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Clint Enns: Spider-Man Vs. Macrovision

Uh oh! My illegal art senses are tingling! Canadian filmmaker Clint Enns appropriates a thrilling old ’60s Spider-Man cartoon — the one where all the characters look like stiff cardboard cutouts — where Spidey faces off against Doctor Octopus in a dank underground cave. Except, through some funky distortion the cartoon is almost virtually unrecognizable. In fact, it’s a little bit groovier.

There’s a couple of reasons I posted this video up. One, I like those old Spider-Man cartoons. Two, I like Clint Enns’ videos. Three, I particularly like the ghosting effect that permeates this particular video by Enns, especially how heads from a future or past scene suddenly appear on the heads of a character during the current scene. It’s also cool when ghostly approximations of Doctor Octopus’ metal tentacles start snaking through a shot, which start making me think of those classic Amazing Spider-Man comics where Doc Ock seemingly returned from the dead to bedevil his ex-fiancĂ©e, Aunt May. (“Seemingly” because, of course, he wasn’t really dead in the first place.)

But, I also like the statement that Enns is making by putting this video up.

Spider-Man tied up in a cage

First off, I don’t believe in video piracy. At the same time, though, I thoroughly enjoy artists remixing films, TV shows, advertisements, music videos, etc. However, in order to produce such remixes, artists must frequently ignore and/or circumvent the protections that are set up to deter piracy, such as Enns has done here and has made a specific statement about it by referencing Macrovision, the anti-piracy encryption software, in the title.

I suppose — although I haven’t rationalized it all out fully — that an artist taking a previously created piece of art to create a new piece of art significantly synthesizes the original into something totally new, which is different than just ripping people off, no matter what the motivation is, e.g. selfishness, a belief in sticking it to the man, a disbelief in the use of copyrights, etc.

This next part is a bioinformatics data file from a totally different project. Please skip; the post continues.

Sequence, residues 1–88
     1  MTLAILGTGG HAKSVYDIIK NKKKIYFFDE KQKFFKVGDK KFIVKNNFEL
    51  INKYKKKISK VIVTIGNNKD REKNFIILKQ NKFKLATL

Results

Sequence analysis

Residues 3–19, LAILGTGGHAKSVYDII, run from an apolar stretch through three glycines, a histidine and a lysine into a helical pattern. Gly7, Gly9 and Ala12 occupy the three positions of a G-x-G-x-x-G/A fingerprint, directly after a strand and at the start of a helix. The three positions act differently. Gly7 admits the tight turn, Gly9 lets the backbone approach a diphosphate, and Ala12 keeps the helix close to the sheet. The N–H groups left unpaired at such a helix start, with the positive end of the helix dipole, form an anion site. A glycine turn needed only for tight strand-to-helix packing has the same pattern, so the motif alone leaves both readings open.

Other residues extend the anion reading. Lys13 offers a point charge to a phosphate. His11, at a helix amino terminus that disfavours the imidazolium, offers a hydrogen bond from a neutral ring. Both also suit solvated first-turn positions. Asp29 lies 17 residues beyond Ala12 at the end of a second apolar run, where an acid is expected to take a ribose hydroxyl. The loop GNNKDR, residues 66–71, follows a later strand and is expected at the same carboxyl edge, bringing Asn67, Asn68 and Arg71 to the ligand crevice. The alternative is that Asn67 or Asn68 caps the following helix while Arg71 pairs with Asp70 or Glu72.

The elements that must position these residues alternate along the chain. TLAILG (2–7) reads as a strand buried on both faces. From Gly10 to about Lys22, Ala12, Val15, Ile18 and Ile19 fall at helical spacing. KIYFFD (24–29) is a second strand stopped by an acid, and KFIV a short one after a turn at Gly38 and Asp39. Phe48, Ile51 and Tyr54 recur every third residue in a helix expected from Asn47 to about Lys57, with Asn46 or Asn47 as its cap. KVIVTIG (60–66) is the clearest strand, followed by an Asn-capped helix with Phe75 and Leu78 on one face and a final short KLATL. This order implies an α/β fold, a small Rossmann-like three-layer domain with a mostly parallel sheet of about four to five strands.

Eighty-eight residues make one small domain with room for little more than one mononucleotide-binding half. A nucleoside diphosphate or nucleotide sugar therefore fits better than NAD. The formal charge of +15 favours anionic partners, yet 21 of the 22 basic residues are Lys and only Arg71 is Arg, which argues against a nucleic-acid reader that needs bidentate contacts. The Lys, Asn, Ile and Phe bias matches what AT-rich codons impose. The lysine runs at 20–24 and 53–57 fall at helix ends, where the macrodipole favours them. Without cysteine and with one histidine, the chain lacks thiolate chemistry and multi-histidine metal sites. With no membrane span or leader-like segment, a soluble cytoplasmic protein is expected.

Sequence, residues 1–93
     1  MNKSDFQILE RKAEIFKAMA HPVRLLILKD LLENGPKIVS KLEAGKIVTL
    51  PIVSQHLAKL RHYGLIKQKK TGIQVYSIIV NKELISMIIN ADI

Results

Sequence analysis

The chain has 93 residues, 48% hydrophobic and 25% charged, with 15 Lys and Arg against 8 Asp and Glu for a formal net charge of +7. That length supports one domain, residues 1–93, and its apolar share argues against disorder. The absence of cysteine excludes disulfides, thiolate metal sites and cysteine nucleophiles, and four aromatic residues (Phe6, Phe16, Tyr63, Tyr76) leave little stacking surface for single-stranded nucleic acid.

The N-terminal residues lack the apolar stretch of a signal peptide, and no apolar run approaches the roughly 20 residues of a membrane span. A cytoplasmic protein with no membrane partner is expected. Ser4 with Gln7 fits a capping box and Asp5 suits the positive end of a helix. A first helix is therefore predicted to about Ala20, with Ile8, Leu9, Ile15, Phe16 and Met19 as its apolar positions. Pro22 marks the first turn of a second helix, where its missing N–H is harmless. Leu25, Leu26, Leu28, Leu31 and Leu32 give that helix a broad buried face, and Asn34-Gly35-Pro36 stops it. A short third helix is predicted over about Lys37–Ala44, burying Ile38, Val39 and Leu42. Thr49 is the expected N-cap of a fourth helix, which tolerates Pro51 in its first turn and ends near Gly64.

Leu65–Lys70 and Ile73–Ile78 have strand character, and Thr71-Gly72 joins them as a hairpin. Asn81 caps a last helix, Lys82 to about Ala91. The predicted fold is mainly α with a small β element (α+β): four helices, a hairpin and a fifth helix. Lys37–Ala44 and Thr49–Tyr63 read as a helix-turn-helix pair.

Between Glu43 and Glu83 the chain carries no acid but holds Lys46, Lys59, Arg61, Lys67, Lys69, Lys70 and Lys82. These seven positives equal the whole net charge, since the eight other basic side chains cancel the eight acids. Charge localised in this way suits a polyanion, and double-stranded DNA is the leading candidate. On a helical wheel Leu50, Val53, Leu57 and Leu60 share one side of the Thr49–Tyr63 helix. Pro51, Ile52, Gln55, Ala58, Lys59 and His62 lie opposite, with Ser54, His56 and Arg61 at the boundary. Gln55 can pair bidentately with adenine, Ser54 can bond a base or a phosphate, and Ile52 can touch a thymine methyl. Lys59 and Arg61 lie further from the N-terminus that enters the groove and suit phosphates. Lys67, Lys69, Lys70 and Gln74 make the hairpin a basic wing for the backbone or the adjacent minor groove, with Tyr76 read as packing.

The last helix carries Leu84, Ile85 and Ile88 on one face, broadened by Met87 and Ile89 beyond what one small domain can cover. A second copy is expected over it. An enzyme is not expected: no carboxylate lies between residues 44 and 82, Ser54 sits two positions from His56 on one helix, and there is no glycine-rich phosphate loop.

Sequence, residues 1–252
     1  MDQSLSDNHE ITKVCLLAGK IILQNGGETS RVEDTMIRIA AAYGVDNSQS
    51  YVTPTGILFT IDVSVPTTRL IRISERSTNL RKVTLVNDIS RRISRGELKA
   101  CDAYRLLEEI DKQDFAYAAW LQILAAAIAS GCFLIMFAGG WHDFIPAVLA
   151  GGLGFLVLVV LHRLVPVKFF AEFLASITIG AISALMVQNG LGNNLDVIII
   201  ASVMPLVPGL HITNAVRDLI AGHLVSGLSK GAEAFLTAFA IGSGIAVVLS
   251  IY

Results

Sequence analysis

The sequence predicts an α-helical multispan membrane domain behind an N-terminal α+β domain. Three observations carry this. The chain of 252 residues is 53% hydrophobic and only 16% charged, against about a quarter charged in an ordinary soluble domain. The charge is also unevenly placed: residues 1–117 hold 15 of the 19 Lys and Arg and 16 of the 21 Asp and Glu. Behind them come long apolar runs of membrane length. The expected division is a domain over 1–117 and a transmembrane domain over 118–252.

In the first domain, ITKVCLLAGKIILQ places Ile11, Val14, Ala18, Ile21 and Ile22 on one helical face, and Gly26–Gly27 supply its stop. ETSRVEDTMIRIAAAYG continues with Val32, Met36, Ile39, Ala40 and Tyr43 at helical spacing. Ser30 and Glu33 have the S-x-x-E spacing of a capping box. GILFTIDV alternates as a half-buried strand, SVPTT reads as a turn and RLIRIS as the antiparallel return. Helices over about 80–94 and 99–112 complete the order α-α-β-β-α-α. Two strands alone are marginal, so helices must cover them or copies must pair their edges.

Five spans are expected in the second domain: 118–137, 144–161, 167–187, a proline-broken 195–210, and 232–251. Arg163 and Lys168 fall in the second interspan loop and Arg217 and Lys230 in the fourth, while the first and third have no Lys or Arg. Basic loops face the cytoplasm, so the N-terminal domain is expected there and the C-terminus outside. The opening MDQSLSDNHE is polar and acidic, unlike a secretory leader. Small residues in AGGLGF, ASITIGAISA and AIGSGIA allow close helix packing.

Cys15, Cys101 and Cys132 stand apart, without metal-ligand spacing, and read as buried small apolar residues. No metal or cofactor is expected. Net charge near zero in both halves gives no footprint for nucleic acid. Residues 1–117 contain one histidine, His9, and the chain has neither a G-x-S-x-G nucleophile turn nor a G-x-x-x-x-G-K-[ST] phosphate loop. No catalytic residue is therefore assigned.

Although sometimes it feels tough to justify that distinction, sort of like trying to justify Roy Lichtenstein — my favorite painter — ripping off comic book artists to create his early Pop Art work.

Anyway, I believe it’s all a very complicated issue. And I’m still not linking to or embedding bootlegged videos, unless they’ve been artistically modified. Does that make me hypocritical?


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  • Not hypocritical. I think this all fits within an argument for fair use. Of course, fair use implies some amount of necessary argument, so, no, you are not being hypocritical at all.

  • Clint Enns says:

    i view artistic “fair use” as creating a new context for old images. if an art work is significantly different from the original work, i feel it has been used fairly regardless of legal copyright laws.

  • BM says:

    Great work, Clint. It’s a way interesting age in which we are alive today.